Surviving the wedding season

Tomorrow is our wedding anniversary. Was it really six years ago that my arms and hands were covered in mehndi, my lengha hanging in the cupboard, ready for a walk down a country church aisle? I barely slept that night or many of the ones before it. I remembered this when we wondered how one of Laurence’s cousins might be feeling in the lead up to her own wedding earlier this summer.

Looking back, I doubt I’d change anything about our wedding day. Perhaps we could have spent less money but then we saved in many areas with creativity (friends brought cupcakes, our families made Jamaican and Tribagonian food). We splashed out on a few bigger things which were carefully considered (the stretch marquee and reggae band spring to mind). It was a relatively thrifty wedding but putting it together forever changed the way I’ve viewed weddings since. I’ve become far more appreciative of the time, effort and money that goes into them as well as the privilege it is to celebrate with the happy couple.

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Yet in all this talk about the cost of weddings, we rarely note that being a guest can be pricey too. Experian estimates that nearly 11% of people in a relationship have spent £800 on attending weddings. That blows my mind but by the time you account for hen and stag parties (especially stags – can anyone explain why they’re so often far more expensive?!), clothes, transport, accommodation, possibly childcare and a gift, I suppose it’s not that surprising, once you’ve been to a few. Many of my friends married young and I genuinely felt the squeeze attending weddings as a student and new graduate.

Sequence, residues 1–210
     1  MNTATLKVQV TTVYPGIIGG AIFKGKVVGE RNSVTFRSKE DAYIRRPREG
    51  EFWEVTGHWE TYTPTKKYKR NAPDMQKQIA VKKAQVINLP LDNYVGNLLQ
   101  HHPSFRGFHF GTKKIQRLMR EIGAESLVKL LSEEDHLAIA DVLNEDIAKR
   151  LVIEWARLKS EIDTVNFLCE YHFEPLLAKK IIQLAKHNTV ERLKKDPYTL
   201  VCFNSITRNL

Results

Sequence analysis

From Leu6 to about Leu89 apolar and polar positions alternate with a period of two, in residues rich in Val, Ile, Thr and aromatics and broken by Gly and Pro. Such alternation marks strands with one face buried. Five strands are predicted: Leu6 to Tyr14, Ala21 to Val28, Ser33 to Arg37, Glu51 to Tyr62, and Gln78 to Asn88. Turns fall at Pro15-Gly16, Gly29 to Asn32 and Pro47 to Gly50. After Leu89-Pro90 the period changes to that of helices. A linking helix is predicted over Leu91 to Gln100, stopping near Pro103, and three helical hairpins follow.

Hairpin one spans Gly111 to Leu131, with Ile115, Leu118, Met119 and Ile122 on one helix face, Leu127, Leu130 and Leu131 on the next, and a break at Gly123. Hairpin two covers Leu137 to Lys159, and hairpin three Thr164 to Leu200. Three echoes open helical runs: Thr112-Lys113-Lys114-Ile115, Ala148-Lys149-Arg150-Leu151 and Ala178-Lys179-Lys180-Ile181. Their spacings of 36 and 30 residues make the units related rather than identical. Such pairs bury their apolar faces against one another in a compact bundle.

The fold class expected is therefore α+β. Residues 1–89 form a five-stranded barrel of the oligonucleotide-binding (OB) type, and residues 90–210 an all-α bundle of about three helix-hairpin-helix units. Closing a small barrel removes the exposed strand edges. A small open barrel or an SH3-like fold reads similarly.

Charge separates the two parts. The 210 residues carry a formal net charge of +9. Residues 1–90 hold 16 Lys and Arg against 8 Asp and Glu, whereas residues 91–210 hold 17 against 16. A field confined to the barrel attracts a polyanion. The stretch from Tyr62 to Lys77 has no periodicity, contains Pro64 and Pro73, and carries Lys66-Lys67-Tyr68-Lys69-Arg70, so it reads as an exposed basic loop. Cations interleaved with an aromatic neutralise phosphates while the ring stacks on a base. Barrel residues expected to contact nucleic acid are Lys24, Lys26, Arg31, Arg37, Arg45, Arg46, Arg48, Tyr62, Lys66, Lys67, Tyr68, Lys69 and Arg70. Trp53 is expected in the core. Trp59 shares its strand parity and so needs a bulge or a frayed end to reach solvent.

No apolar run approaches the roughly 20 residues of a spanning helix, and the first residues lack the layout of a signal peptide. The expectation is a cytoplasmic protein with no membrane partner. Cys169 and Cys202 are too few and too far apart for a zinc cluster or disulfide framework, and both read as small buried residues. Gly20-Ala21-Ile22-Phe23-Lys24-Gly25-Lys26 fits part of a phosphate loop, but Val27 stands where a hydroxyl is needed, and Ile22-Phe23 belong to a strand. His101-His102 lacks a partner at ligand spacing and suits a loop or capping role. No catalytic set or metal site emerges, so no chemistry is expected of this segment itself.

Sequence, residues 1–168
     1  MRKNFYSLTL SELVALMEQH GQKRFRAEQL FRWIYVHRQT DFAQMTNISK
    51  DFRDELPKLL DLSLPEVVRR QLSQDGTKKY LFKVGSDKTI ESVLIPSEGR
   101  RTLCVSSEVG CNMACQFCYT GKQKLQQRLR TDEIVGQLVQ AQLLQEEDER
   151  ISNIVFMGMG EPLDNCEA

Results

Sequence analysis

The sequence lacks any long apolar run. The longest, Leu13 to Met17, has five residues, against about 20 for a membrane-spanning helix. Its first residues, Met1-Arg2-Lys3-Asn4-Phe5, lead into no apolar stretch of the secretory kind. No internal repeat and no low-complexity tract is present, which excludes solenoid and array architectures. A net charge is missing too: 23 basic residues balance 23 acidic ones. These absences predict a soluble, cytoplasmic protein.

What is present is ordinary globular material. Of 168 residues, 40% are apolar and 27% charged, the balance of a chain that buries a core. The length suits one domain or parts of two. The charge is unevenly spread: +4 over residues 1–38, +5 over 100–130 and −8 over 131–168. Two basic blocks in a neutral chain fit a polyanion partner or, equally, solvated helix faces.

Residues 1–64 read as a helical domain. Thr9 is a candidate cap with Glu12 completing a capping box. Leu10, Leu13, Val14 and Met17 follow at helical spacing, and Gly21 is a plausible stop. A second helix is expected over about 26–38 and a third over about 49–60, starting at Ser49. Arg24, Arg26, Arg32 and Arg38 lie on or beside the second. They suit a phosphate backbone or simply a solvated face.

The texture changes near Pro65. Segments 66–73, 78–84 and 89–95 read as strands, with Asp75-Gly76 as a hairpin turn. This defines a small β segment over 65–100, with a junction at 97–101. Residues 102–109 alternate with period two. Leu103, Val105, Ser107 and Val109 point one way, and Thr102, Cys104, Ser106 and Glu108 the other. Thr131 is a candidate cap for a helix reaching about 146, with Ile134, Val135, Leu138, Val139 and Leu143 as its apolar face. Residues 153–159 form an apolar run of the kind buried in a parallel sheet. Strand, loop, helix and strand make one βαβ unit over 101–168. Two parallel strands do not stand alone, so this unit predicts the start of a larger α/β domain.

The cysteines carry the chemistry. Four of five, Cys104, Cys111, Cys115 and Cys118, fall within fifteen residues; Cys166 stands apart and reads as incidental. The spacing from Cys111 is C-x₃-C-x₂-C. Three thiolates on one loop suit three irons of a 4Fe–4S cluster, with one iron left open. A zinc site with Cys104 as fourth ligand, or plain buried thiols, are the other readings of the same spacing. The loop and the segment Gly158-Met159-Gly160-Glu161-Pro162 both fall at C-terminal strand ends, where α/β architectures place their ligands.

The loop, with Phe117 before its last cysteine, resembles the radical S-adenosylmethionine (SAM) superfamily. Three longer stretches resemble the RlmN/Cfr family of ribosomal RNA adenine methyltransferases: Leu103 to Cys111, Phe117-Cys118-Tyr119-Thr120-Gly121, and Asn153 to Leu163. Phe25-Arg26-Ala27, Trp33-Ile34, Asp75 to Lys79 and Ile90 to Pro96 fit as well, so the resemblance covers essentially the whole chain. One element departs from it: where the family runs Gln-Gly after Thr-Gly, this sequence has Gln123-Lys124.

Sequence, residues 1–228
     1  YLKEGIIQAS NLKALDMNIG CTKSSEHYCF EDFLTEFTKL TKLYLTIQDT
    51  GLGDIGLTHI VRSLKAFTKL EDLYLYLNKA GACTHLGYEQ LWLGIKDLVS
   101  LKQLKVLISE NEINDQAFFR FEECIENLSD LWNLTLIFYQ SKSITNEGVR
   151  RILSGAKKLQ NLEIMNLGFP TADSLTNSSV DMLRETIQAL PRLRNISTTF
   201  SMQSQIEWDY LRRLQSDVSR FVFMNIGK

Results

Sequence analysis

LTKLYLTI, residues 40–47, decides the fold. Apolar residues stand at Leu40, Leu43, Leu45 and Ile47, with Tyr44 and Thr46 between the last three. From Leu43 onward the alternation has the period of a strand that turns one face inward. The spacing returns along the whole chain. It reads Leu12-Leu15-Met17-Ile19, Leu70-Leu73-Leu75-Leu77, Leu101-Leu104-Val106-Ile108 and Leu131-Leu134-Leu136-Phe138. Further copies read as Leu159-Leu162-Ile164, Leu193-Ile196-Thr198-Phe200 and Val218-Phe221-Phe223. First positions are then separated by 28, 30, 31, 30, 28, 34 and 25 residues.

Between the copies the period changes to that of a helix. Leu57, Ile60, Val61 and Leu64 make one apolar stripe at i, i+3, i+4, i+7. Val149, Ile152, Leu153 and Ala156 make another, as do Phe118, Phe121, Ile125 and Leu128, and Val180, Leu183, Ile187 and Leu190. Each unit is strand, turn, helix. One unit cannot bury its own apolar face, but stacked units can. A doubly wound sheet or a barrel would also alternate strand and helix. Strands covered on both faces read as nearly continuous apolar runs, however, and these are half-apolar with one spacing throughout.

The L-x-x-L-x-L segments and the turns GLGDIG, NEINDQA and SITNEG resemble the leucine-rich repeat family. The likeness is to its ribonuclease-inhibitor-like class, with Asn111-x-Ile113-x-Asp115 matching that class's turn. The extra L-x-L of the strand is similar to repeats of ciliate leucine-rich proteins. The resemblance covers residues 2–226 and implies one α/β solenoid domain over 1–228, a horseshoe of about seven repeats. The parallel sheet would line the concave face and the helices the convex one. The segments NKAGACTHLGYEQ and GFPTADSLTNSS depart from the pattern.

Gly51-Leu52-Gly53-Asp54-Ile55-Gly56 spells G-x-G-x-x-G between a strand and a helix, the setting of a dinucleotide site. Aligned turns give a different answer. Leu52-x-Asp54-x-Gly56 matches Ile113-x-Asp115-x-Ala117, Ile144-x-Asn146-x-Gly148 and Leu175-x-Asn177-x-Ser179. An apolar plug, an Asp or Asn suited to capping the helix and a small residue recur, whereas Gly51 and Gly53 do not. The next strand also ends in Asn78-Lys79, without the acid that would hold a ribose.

So it’s unsurprising to hear that Experian found that one in four people have argued with their partner about the cost of attending a wedding. In their Money & Relationships guide, they’ve included lots of helpful tips for couples seeking financial harmony such as:

  • Set ground rules for whether you’ll combine or separate accounts for spending
  • Agree on short and long-term goals
  • Don’t spend all your time together
  • Don’t talk about money issues when you are angry (I firmly second this one!)
  • Take time together to understand if you need to improve one or both of your credit reports

Last week, I played wedding guest at London’s Duck and Waffle, invited by Experian to dine with a small group of bloggers and chat weddings. With a couple of them engaged and my own anniversary looming, it was a fun topic to take apart over Chef Daniel Doherty’s signature sharing menu. The meal featured playful delights such as bacon wrapped dates, roasted octopus and, of course, duck and waffle.

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The restaurant is forty floors up, giving an enviable view of London. I must admit I struggled a bit with the glass elevator on the way up! Lunch there made me put it on my wishlist for my 30th birthday next year. We’re talking about possibly having a weekend away in London if one of our family babysitters is up for it, depending on what Ophelia is like at night by then. Failing that, maybe we’ll celebrate our seventh anniversary there. Seven. Now that sounds like a big deal.

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Surviving the wedding season

Experian have put together the infographic below, detailing their survey’s findings on how much people are spending on attending weddings and how they’re coping with the cost. Is any of this familiar to you? Have you been to many weddings this year?

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Do take at look at Experian’s blog for tips on how to prevent finances from becoming a pressure point in your relationship.

Thanks to Experian for working with me on this post

Photo credit (top two images): Courtenay Photographic